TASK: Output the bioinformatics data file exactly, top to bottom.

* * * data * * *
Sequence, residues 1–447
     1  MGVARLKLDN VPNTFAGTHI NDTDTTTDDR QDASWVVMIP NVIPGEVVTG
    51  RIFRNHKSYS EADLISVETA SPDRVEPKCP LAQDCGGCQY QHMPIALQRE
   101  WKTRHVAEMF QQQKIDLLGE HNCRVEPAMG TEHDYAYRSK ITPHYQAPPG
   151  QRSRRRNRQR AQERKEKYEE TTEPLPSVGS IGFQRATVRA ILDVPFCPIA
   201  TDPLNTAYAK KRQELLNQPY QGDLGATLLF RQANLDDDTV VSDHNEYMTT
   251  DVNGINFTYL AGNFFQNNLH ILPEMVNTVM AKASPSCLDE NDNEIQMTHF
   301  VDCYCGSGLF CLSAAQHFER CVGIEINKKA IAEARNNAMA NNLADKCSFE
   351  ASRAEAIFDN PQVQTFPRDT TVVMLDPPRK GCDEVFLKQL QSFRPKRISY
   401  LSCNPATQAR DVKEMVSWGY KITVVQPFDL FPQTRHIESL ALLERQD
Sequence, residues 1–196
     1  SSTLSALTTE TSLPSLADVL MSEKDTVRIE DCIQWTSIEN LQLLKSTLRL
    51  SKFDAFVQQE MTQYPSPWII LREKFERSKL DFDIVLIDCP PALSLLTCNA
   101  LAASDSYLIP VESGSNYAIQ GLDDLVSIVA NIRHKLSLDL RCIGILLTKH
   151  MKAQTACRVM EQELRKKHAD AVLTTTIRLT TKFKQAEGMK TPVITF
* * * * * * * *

Sequence, residues 1–447
     1  MGVARLKLDN VPNTFAGTHI NDTDTTTDDR QDASWVVMIP NVIPGEVVTG
    51  RIFRNHKSYS EADLISVETA SPDRVEPKCP LAQDCGGCQY QHMPIALQRE
   101  WKTRHVAEMF QQQKIDLLGE HNCRVEPAMG TEHDYAYRSK ITPHYQAPPG
   151  QRSRRRNRQR AQERKEKYEE TTEPLPSVGS IGFQRATVRA ILDVPFCPIA
   201  TDPLNTAYAK KRQELLNQPY QGDLGATLLF RQANLDDDTV VSDHNEYMTT
   251  DVNGINFTYL AGNFFQNNLH ILPEMVNTVM AKASPSCLDE NDNEIQMTHF
   301  VDCYCGSGLF CLSAAQHFER CVGIEINKKA IAEARNNAMA NNLADKCSFE
   351  ASRAEAIFDN PQVQTFPRDT TVVMLDPPRK GCDEVFLKQL QSFRPKRISY
   401  LSCNPATQAR DVKEMVSWGY KITVVQPFDL FPQTRHIESL ALLERQD
Sequence, residues 1–196
     1  SSTLSALTTE TSLPSLADVL MSEKDTVRIE DCIQWTSIEN LQLLKSTLRL
    51  SKFDAFVQQE MTQYPSPWII LREKFERSKL DFDIVLIDCP PALSLLTCNA
   101  LAASDSYLIP VESGSNYAIQ GLDDLVSIVA NIRHKLSLDL RCIGILLTKH
   151  MKAQTACRVM EQELRKKHAD AVLTTTIRLT TKFKQAEGMK TPVITF